Through peer support training sessions, volunteers learn valuable communication skills that can be used when providing peer support to participants. Here’s what Katie and Angela learned.


Body Language

First, body language is an essential component of creating meaningful conversation. It is important to ensure that the speaker feels that they have your full attention. This means planning a time when you can put down your phone, facing the person with open posture and avoiding distractions that can draw you away from the conversation.

Active Listening

Second, when you are looking to have a meaningful conversation it is important to be an active listener. Active listening involves ensuring that you have a strong understanding of the information being conveyed to you by asking questions and making observations.

This doesn’t necessarily involve frequent interruptions and fact-checks, but is more of a pointed checking in process through which you can both ensure that you are on the same page. This can be as simple as asking, “how does that make you feel?” or checking in with observations such as, “you sound upset about this.” Checking in demonstrates to the speaker both that you are listening and that you are making every effort to better understand the issue at hand.

Being Genuine

Thirdly, remaining genuine is key to creating meaningful rapport in any social situation. It can sometimes feel difficult to be yourself in a structured situation where you are trying to say the right thing or remember specific points of conversation, but staying grounded is an integral part of positive communication.

Being genuine will help conversation to flow more easily and create a more comfortable environment for both you and the person with whom you are speaking.
It is through communication tools like these that Peer Support volunteers are able to be positive resources for participants across Alberta.


About Assist

Assist is an independent, charitable Society that seeks to provide confidential help to lawyers, law students, and their immediate families with personal issues.
Assist offers many different resources beyond the peer support program that can help lawyers or families of lawyers with their personal needs. Some of these resources include offering counselling sessions with registered clinical psychologists, online modules, and proactive sessions throughout the year like AssistFit.

Contact Assist

For immediate help from Assist call 1-877-498-6898 (toll free) from anywhere in Alberta. For more information on Assist’s services or to access online resources please visit the website . To speak with someone at Assist about their services or volunteer opportunities please call 403.537.5508 or 1.877.737.5508.


If you are interested in submitting a blog post relevant to Alberta’s legal community, please contact LESA’s  Communications Coordinator, Andrea Maltais.

July Upcoming Legal Events

 CPLED, Legal News: Alberta, LESA Update, News  Comments Off on July Upcoming Legal Events
Jul 042016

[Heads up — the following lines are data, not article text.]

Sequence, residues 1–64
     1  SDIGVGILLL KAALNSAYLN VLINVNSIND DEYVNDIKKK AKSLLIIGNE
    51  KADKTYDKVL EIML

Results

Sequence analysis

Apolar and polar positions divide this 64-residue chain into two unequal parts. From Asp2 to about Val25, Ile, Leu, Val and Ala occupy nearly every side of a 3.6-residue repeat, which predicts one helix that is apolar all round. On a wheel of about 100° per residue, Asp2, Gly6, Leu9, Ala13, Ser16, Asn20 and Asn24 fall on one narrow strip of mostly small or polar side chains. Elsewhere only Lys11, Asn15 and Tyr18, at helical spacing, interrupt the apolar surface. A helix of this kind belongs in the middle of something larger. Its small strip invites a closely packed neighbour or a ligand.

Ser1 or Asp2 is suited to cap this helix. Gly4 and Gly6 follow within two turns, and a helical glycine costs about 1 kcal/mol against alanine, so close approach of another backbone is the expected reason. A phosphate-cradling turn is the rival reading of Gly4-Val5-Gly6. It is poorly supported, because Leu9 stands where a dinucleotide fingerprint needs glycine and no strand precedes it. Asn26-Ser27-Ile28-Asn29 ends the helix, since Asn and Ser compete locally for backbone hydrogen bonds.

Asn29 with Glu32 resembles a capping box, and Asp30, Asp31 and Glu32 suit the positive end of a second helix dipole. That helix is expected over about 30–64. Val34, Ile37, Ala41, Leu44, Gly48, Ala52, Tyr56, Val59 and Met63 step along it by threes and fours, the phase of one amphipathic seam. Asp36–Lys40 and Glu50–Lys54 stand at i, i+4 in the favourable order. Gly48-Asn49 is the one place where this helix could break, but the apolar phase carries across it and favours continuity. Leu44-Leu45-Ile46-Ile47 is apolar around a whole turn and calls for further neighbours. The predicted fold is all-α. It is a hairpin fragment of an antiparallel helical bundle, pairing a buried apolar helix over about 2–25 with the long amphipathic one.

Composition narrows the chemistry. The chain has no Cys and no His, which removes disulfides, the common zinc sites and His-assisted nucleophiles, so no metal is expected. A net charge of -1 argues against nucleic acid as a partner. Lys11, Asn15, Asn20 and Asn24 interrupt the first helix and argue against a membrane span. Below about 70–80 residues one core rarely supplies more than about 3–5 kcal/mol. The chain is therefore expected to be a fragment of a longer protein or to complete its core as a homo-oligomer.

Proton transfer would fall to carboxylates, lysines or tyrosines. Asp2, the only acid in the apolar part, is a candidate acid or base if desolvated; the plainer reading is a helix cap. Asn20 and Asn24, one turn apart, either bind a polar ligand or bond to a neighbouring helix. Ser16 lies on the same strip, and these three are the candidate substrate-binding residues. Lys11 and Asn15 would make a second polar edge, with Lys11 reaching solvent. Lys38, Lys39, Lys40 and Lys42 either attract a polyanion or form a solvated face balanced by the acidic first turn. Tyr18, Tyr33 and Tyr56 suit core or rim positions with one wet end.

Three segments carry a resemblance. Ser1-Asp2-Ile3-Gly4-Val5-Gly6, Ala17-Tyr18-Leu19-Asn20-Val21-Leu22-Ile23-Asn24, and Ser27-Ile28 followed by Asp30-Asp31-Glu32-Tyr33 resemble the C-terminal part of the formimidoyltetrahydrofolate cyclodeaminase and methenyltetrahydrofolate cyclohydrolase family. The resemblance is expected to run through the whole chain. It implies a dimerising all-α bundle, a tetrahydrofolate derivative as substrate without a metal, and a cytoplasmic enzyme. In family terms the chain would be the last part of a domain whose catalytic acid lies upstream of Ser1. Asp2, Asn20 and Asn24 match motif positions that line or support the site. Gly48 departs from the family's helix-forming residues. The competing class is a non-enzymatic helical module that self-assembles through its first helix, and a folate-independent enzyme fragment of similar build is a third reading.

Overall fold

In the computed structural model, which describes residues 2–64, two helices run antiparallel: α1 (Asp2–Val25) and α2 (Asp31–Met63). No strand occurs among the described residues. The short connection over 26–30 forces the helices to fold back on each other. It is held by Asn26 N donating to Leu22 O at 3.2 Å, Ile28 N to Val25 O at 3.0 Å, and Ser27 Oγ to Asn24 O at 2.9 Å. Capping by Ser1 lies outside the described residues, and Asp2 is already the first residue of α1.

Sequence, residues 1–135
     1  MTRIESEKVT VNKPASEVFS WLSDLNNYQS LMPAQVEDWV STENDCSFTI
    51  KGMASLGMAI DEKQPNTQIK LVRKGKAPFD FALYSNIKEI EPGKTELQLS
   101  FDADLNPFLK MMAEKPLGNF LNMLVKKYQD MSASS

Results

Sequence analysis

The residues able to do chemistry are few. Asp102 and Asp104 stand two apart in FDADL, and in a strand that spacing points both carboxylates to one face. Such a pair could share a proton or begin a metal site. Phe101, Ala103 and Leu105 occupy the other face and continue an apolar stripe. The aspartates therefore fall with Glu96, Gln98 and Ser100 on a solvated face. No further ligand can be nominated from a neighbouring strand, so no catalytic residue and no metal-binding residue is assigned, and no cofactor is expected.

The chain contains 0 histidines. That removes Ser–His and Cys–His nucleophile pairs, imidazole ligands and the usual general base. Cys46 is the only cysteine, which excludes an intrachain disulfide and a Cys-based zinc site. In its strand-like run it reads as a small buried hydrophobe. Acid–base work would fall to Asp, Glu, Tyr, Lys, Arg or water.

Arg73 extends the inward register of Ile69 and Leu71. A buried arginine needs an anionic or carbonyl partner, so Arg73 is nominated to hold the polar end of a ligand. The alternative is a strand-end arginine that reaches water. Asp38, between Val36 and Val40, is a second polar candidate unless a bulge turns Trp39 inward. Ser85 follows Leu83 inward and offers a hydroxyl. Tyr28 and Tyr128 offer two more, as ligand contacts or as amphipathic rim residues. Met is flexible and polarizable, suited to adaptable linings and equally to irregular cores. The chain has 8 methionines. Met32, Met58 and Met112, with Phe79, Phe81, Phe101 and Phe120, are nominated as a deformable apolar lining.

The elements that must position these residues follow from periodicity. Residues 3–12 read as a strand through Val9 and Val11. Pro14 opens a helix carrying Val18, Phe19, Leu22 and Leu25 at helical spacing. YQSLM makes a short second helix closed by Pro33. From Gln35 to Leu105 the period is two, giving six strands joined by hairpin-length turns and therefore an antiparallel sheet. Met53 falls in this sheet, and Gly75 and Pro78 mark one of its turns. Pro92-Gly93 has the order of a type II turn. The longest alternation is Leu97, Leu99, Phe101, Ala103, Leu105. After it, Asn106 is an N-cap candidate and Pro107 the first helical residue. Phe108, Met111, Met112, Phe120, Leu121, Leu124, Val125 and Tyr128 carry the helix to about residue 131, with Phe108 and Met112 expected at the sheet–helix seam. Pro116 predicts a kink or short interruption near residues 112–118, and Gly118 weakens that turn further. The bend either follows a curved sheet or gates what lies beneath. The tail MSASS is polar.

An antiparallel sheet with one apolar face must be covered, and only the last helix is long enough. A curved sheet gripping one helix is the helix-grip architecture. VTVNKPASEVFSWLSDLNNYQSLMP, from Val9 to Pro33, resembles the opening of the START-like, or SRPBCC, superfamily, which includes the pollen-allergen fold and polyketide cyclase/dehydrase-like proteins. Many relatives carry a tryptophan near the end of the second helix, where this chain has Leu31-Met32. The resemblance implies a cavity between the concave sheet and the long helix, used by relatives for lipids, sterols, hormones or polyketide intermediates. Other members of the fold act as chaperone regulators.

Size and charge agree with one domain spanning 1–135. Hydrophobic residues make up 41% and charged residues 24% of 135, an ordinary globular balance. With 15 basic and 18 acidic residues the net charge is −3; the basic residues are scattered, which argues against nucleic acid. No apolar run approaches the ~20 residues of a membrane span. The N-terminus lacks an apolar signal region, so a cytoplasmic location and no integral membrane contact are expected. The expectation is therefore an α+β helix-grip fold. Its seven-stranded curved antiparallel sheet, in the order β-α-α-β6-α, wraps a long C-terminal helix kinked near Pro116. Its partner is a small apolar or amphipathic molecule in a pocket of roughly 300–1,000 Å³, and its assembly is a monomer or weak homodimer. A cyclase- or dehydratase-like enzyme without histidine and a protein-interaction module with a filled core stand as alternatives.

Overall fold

July Upcoming Legal Events

 

It’s the beginning of July, which means the start of a new educational year at LESA. Watch your mailbox for the 2016/2017 Educational Calendar, filled with a fresh list of programs, seminars on demand, and key dates you won’t want to miss.

CPLED

The 2016/2017 Student Guide and Program Agreement have been posted. Students from Alberta and the Northwest Territories can now pay tuition for the upcoming year. The deadline for documentation and fees is July 29. Get more information at LESA.org/CPLED.

Legal Community Events

n
AssistFit

Win your firm the grand prize at AssistFit’s Line Dancing: Whoop-Up, July 12. And, on July 23, sweat your stress away at Assist’s private Spin Class at YYC Cycle.


If you want LESA’s help to raise awareness about an upcoming event relevant to the Alberta legal community, contact Andrea Maltais, Communications Coordinator.
780.969.0555 or andrea.maltais@lesa.org

 

LSA Rules Amendments

 Legal News: Alberta, News  Comments Off on LSA Rules Amendments
Jun 212016
 

LSA Rules Amendments

The Rules of the Law Society of Alberta (LSA) [the Rules] were recently amended. The changes took effect on February 4, 2016. Key among the changes was the addition of a new rule (r 165.1) for an administrative rules suspension, which is intended by the LSA to streamline the reinstatement process for members who have been administratively suspended for non-payment of fees.

Summary

Under the new r 165.1, an administrative suspension occurs where a member of the LSA is subject to a rules suspension (defined in r 167(1)(b) as a suspension of membership imposed by the operation of rules 148, 149.3, or 165). Taken together, these rules mean that the non-payment of membership fees, professional liability insurance levies, or trust safety insurance levies will result in an administrative suspension.

Members of the LSA who are subject to administrative suspensions have 15 days from the date of the suspension to either make arrangements for an active practicing member of the LSA to assume conduct of the suspended member’s files, or to seek reinstatement through compliance with the rules and payment of outstanding fees or levies. Suspended members seeking reinstatement are also required to pay a suspension transaction fee (for the 2016 year, this fee was $236.25, inclusive of GST), though this fee may be waived by the Executive Director in some circumstances.

If the suspended member does not make the necessary arrangements or seek reinstatement within 15 days of the suspension, a Notice to the Profession of the member’s administrative suspension will be issued (for previously active members only), and a custodian will be appointed by the LSA for that member’s practice.

Members subject to administrative suspensions must seek reinstatement within 3 months from the date of suspension, in order to avoid the more onerous formal application for reinstatement, as set out in r 115.